The Conseil d’Etat, France’s supreme court in administrative matters, has approved the operating permit for EDF Renewables and Enbridge’s 480MW Saint Nazaire offshore wind project, bringing to a close a lengthy process of appeals.
“The Conseil d’Etat’s decision is a ringing endorsement of the robust groundwork undertake by EDF Renewables’ and Enbridge’s teams which have been working for 10 years with professionalism, openness and dedication on bringing the Saint-Nazaire offshore wind project through to fruition,” said EDF Renewables chief executive Bruno Bensasson.
“This landmark project fits perfectly with the EDF Group’s Cap 2030 strategy of doubling its worldwide renewable energy capacity in operation by 2030. We hope that it will be the first step towards an accelerated growth trajectory for offshore wind energy in France in the framework of the PPE [multiannual energy program].”
The Eolien Maritime France (EMF) consortium of EDF and Enbridge in a 2012 tender had won with bids for three offshore wind projects, among them next to Saint Nazaire also Courseulles-sur-Mer and Fécamp.
Despite carrying out what it says were extensive environmental studies and wide-ranging consultation at Saint Nazaire, EDF and its partners had faced headwinds from fishery and environmentalists that at times threatened to derail the project.
The Conseil d’Etat ruling will enable EDF Renewables and Enbridge to make progress with the project financing process before the investment is given its final go-ahead, EDF said.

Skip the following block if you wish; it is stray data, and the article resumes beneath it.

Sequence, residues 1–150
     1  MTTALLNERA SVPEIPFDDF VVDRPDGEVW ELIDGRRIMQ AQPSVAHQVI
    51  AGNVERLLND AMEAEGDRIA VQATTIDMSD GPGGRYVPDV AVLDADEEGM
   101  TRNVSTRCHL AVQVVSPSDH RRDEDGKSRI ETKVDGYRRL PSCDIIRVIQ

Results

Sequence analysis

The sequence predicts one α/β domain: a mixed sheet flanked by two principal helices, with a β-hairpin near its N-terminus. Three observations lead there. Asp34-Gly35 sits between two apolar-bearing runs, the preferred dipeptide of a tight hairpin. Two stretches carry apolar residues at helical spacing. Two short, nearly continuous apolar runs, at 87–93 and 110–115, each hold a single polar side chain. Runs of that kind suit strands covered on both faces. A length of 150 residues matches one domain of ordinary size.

EMF in April had announced that it now plans to employ Siemens Gamesa turbines for two out of its three offshore wind projects off France, leaving rival GE Renewable Energy as preferred turbine supplier of only one instead of three projects.
Siemens Gamesa snatching away two of EMF’s three turbine deals with combined close to 1GW was a major blow for GE’s offshore wind ambitions.
The US company’s offshore plans since have recovered, though, with the (although vague) announcement by Swedish utility Vattenfall to employ GE’s Haliade-X 12MW model at future projects in Europe, and the announcement to build the super-sized turbine in China.
GE Renewables welcomed the French court decision clearing EMF to proceed with Saint Nazaire.
“This is a significant step for offshore wind in France, and we are excited to be part of it,” the company said, which has its headquarters in the Paris region.
“GE remains committed to execute one offshore wind project and our team in St Nazaire will move forward with the assembly of the Haliade-150 6MW once Éolien Maritime France reaches financial close and issues the Notice-to-proceed.”